Companies engaged in developing new IoT applications aimed at connecting, monitoring, searching for, managing, or controlling things are strong candidates to receive federal R&D tax credits.



Enabling the IoT

        Even though basic uses of the IoT are already underway, this technology remains on its early stages of adoption. Major challenges must be overcome before the IoT reaches widespread use. Facing such challenges represents a unique opportunity for innovation. Companies engaged in achieving the technological advances necessary for enabling the IoT may be entitled to significant federal R&D tax credits.

        The IoT will generate tremendous amounts of data. Therefore, the data management industry must develop new and improved tools to enable the processing of IoT Big Data. The ability to process such data must be linked to the one of extracting meaning from it. For this reason, the predictive analytics software industry will play an important role in creating novel tools that can aggregate and analyze data in order to convey useful information for human decision makers and automated systems.

        LogMeln, Inc., a Boston, MA, leading provider of remote services, is engaged in facilitating these tasks. The company has developed Xively, a public cloud specifically built for the Internet of Things. The groundbreaking platform aims at providing the entire infrastructure necessary to accelerate innovation. It gives developers the services and tools necessary to create products and solutions on the IoT.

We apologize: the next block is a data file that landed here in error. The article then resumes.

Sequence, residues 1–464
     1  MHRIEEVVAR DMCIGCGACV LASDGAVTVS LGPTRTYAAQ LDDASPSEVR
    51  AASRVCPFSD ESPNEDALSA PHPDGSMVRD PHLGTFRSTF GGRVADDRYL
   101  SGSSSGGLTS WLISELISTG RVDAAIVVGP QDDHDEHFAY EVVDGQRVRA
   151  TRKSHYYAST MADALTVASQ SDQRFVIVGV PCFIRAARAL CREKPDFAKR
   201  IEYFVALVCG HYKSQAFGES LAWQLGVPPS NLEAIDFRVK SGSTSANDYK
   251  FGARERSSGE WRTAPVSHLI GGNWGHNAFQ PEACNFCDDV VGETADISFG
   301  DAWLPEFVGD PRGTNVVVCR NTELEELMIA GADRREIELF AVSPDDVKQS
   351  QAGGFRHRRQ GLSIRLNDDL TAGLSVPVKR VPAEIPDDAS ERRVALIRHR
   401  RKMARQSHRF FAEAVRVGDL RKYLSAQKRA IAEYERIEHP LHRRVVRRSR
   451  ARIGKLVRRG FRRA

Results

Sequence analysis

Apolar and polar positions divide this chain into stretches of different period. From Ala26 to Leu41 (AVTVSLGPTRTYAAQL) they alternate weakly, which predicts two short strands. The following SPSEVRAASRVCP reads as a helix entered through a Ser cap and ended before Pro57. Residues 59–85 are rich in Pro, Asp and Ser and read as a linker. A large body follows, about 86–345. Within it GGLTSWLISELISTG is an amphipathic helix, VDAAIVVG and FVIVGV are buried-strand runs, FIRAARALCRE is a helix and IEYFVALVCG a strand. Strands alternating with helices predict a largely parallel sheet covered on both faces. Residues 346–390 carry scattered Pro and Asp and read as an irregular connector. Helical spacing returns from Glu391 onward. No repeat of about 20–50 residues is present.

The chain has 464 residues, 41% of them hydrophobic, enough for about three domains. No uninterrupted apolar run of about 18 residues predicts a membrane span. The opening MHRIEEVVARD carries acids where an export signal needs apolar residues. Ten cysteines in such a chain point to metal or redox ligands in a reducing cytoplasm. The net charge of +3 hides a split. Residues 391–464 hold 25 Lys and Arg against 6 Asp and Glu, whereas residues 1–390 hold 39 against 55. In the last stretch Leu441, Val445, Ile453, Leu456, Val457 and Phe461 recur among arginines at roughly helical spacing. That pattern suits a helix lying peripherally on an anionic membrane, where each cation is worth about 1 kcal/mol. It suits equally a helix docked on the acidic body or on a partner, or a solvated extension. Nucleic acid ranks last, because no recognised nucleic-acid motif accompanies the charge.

The price of sensors, actuators, and communication devices is also an outstanding challenge. Innovative processes are necessary to increase the cost-effectiveness of production and to respond to the growing need of smaller, more adaptable and complex systems. Moreover, technology providers must develop shared infrastructures and common standards that will allow for the interoperability of sensors, computers, and actuators.

        Intel, world's largest and highest valued semiconductor chip-maker, recently acknowledged the major growth opportunity behind the IoT, which is considered the driver of the next wave of computing. The California-based multinational has set a new business unit denominated "internet-of-things solutions group".

        Another technological obstacle is battery life. With the multiplication of connected devices, the use of unconventional power sources that allow for prolonged battery life becomes a must. Ongoing research at the Kansas State University has developed an energy-harvesting radio that draws power from a board made of solar cells from low-end calculators.

        Privacy and security are also at the heart of IoT development. The unprecedented level of connectivity will come hand in hand with magnified security concerns. The security software industry must develop innovative tools to neutralize threats of terrorism and hacking in the IoT. Recent headlines have included pacemaker and insulin pump hacks, cars' electronics being taken over remotely, smart meter hacks, not to mention the multiplication of computer worms.